Xi’s background as a ‘princeling’—the children of powerful communist leaders who participated in the revolution—has certainly impacted his entire personal professional life. But overreliance on such a label loses sight of Xi’s adaptability regarding domestic and foreign-policy challenges. It also confuses status with ability and psychological resilience. Part of Xi’s strength comes from an emphasis on filial piety, as well as closeness to the land (“the yellow earth”) and its people. Xi has written that “ordinary people are like our father and our mother. As you love your mother and father, you should love the people, be of use, and create a good life for everybody.”

Such character traits, born of both individual and collective adversity, are both remarkable and oddly appealing. Such a portrait presents Xi – who has been referred to as “smiling on the outside and hard on the inside” – as a man of the people and of the soil. As Xi has stated, “when you are close to the grass roots and close to the people, no storms from any corner of the world can blow you down or make you surrender.” This reflects Xi’s truest and greatest strength as a political leader, and a concatenation of psychological character traits rare among 21st-century leaders.

The Equilibrium Shifts Toward China

While President Donald Trump has – early in his new term – played gracious host to President Xi at Mar-a-Lago in April 2017, their cordial relationship masks multiple areas of tension between China and the U.S. Henry Kissinger and Graham Allison have written extensively about the Thucydides Trap, in which a rising power such as China collides and enters into conflict with an existing power such as the U.S. Such a rationale would likely make sense to the current U.S. administration, in a world divided into ‘winners’ and ‘losers.’

But what many miss is the already-changed equilibrium in China’s favor. An America beset by political dysfunction and inclined to withdraw from multilateral institutions and alliances, whose recent pivot to Asia has reversed, and an America in retreat from its worldly commitments, has de facto already shifted the equilibrium towards China. Political observers and extensive media commentary suggest that the real ‘winners’ of the 2016 U.S. election, given the U.S. intelligence community’s finding of extensive Russian interference, are Vladimir Putin and Russia. But such a view may be deceiving. The real winners are China and its paramount leader, Xi Jinping. But such a change in equilibrium is most delicate, and Xi’s January 2017 Davos speech – in its careful embrace of multi-polar, international institutions– hints at his awareness of such a dynamic.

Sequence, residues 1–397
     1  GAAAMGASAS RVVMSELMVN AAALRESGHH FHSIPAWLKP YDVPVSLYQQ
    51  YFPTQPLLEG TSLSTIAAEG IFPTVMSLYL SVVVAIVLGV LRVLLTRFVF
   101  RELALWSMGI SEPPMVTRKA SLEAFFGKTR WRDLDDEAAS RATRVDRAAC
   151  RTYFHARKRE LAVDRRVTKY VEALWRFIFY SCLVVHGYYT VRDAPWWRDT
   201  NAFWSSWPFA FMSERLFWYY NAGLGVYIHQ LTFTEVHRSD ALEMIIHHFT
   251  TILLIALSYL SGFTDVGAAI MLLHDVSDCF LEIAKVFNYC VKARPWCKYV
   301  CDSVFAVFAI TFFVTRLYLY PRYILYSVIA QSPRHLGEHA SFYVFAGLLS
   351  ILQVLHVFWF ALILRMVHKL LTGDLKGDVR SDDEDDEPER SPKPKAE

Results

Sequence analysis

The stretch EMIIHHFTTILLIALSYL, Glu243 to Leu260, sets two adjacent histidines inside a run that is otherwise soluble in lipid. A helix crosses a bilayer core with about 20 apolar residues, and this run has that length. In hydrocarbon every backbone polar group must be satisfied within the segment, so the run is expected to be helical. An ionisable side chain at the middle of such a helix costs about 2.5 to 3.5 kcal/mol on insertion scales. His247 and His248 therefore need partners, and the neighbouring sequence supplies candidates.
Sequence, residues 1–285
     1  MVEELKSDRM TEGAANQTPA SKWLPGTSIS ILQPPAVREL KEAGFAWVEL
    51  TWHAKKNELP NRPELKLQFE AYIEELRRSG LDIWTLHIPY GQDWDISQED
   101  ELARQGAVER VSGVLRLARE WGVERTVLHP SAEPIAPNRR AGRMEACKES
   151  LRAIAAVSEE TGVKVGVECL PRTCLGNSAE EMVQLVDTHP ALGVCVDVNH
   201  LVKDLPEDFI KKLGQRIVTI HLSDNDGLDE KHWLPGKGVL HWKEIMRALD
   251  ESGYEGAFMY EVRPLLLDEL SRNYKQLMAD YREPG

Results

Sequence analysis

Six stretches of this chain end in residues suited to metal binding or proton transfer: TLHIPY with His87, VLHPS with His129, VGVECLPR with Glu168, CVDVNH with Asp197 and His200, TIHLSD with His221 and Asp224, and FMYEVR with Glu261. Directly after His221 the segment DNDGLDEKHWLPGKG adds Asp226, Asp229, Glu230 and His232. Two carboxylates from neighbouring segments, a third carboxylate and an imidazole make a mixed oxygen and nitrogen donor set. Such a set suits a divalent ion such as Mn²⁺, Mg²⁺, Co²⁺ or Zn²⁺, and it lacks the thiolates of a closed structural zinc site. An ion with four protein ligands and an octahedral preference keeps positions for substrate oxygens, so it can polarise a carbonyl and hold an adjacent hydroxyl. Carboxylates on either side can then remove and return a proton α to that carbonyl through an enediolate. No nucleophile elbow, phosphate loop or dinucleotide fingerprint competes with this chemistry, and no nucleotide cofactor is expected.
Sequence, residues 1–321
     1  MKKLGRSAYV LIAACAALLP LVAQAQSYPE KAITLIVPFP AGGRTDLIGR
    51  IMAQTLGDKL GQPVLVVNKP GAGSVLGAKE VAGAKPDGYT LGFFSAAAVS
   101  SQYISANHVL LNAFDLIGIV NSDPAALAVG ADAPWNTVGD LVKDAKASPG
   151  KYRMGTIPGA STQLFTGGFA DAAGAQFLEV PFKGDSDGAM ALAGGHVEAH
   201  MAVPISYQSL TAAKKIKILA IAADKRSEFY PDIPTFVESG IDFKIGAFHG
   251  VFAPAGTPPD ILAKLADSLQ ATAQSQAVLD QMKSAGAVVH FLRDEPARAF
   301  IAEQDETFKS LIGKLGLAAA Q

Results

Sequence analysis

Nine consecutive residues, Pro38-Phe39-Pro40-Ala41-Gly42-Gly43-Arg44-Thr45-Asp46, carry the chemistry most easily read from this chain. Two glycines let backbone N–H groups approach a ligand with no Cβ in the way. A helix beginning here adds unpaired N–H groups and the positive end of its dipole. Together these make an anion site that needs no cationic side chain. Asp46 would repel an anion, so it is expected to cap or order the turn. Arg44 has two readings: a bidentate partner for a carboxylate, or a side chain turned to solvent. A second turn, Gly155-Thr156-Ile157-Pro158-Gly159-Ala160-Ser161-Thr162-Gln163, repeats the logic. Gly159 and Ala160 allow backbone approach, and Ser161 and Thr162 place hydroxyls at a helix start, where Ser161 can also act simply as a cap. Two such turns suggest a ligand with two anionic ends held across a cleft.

Whether Xi – and China’s Communist Party, military, and political elites, not to mention a new generation of increasingly-nationalist Chinese citizens, many of whom have studied abroad – will demand yet more from the international community regarding political and economic expectations, is a critically-important question as China approaches the 2017 19th Party Congress, which will outline Xi’s agenda forward, as well as offer hints with respect to his successor in 2022.

To truly understand China’s President Xi Jinping is to accept his quintessential Chinese qualities, resilience, and psychological strength, and to conceptualize Xi not as merely another Mao or ‘Red Princeling,’ but rather, as his father’s son. For Xi Zhongxun, one of Mao’s closest comrades and founders of modern China, veteran of the Long March and survivor of Kang Sheng’s 1930s purges, the youngest Vice Prime Minister in China during the 1950s, and (along with Deng Xiaoping) a leader of reform and ‘opening up’ during the late 1970s, was also, in his own manner, “impressive.” In summary, observers of Xi Jinping might thereby appreciate the qualities that bind together father and son for, in the words of Wordsworth, “the child is father to the man.”